When Bad Things Happen To Good People

Saw The Ring last night.  It’s the kind of horror movie I prefer; that is, not a morality play. Many films grouped into the horror genre either imply or explicitly state that their protagonists deserve the fates that befall them; they have sinned in some small or large way.  These are nothing more than jumped-up fairy tales that allow viewers the vicarious thrill of fear followed by feeling superior to the fallen victims.  This is perfectly acceptable for children, the typical target demographic for such films.

Adult horror, on the other hand, befalls the innocent as well as the guilty.  While the horrified characters in The Ring have flaws, neither do their flaws bring the horror upon them nor does repairing their flaws lead to their salvation.  The evil in The Ring both has a specific cause and is ultimately inexplicable.  The film might have taken another hour to contrive a fuller explanation, but I think the film’s effect would have been blunted thereby.  That the viewer is not mired in confusion is a testament to the ready belief in evil that marks a horror fan.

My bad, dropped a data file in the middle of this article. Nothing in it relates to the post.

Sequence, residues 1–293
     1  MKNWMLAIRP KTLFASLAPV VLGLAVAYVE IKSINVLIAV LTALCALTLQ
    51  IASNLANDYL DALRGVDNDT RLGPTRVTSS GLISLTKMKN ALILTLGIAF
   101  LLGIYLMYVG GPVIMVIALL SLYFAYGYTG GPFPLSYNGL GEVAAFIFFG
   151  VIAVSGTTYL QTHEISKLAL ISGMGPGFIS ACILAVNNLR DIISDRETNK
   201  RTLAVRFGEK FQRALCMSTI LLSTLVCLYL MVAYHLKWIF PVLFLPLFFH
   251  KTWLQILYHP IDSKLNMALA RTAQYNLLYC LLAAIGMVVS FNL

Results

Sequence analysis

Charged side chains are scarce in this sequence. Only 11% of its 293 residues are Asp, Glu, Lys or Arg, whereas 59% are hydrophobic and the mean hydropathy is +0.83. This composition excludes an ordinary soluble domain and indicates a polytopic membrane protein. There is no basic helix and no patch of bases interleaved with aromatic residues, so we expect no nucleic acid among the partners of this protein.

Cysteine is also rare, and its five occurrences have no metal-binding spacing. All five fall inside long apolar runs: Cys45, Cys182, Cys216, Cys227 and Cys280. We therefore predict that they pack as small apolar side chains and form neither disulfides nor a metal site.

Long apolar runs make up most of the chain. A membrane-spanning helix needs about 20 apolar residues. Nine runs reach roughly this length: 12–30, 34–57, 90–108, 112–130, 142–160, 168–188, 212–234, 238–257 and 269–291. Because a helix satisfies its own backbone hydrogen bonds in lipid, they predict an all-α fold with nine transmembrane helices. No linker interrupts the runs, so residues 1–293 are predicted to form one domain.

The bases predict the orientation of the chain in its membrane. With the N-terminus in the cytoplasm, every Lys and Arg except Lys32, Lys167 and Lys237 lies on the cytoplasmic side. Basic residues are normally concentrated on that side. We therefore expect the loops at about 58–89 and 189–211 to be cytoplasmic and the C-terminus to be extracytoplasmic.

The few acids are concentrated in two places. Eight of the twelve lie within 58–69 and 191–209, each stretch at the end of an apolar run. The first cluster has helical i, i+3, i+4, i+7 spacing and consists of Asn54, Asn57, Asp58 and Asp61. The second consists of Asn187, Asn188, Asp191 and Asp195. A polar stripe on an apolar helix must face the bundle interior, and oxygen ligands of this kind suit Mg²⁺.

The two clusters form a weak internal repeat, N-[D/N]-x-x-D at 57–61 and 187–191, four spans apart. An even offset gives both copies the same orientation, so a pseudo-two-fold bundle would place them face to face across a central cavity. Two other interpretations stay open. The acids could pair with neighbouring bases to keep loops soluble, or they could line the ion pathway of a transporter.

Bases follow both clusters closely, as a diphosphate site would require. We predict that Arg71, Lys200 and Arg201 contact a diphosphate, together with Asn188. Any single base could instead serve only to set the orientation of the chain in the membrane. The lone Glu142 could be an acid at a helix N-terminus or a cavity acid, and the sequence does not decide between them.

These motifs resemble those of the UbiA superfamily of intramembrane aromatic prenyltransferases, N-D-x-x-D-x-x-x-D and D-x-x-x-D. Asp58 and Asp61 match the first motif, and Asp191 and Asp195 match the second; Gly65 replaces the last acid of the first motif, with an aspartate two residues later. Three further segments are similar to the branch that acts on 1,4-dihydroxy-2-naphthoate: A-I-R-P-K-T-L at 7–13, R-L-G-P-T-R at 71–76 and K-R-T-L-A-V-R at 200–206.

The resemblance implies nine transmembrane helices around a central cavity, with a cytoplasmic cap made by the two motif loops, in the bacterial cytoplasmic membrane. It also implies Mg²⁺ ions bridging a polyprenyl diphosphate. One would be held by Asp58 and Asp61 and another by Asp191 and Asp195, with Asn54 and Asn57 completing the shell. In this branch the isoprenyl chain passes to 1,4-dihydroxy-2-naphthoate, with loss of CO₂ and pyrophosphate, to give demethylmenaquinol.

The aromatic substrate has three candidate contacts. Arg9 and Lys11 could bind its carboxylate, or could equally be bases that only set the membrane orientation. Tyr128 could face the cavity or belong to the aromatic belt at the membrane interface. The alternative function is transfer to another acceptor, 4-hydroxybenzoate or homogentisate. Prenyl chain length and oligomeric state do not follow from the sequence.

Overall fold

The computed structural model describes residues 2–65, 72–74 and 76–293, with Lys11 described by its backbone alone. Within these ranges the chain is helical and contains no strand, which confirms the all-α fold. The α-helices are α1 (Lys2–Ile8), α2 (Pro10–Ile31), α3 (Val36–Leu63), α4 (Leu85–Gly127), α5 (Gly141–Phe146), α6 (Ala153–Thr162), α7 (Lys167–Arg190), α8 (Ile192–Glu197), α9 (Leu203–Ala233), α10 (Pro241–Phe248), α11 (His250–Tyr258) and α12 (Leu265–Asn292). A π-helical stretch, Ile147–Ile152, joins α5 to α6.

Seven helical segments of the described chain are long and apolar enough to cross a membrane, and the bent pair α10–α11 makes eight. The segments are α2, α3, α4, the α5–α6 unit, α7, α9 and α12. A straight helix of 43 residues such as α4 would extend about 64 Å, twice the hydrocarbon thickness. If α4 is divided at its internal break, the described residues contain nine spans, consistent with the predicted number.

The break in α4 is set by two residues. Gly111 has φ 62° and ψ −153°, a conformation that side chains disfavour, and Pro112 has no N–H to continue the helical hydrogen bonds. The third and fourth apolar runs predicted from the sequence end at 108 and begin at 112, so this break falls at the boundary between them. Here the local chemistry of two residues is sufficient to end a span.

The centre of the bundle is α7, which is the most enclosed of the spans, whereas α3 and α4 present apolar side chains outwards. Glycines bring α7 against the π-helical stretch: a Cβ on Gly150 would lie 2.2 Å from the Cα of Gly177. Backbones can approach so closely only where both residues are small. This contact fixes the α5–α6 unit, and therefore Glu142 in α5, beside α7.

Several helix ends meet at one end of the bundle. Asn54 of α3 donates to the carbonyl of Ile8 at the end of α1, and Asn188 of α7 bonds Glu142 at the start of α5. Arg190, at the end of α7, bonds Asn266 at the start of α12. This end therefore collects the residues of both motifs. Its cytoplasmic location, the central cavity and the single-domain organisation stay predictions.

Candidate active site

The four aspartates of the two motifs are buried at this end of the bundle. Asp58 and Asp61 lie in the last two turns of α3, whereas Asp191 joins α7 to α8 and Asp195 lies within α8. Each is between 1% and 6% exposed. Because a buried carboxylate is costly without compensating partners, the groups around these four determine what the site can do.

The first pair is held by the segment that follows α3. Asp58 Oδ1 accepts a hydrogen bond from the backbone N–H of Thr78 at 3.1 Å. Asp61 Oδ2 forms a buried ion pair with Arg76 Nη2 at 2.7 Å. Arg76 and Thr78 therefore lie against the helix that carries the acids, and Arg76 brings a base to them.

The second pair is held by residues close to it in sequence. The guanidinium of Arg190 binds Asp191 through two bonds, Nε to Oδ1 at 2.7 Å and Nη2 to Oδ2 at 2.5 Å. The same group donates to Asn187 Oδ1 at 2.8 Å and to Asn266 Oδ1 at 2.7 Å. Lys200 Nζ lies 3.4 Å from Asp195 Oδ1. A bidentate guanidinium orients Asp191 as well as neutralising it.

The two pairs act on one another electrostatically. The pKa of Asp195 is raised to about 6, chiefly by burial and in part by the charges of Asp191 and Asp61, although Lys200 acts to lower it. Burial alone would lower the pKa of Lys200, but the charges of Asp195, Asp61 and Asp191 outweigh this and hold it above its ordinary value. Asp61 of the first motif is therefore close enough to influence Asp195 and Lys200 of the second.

The Ring does engage in the trappings of the horror genre—suspenseful music, dread-inducing framing, startling quick cuts—but they are kept to a minimum.  The pacing and dialogue are spot-on, and cinematographer Bojan Bazelli seems to find the woods and islands of Puget Sound as spooky as I often do.  The imagery has stayed with me, and although the specificity of the narrative makes the full horror less portable, it remains as unnerving as a captionless Edward Gorey drawing.

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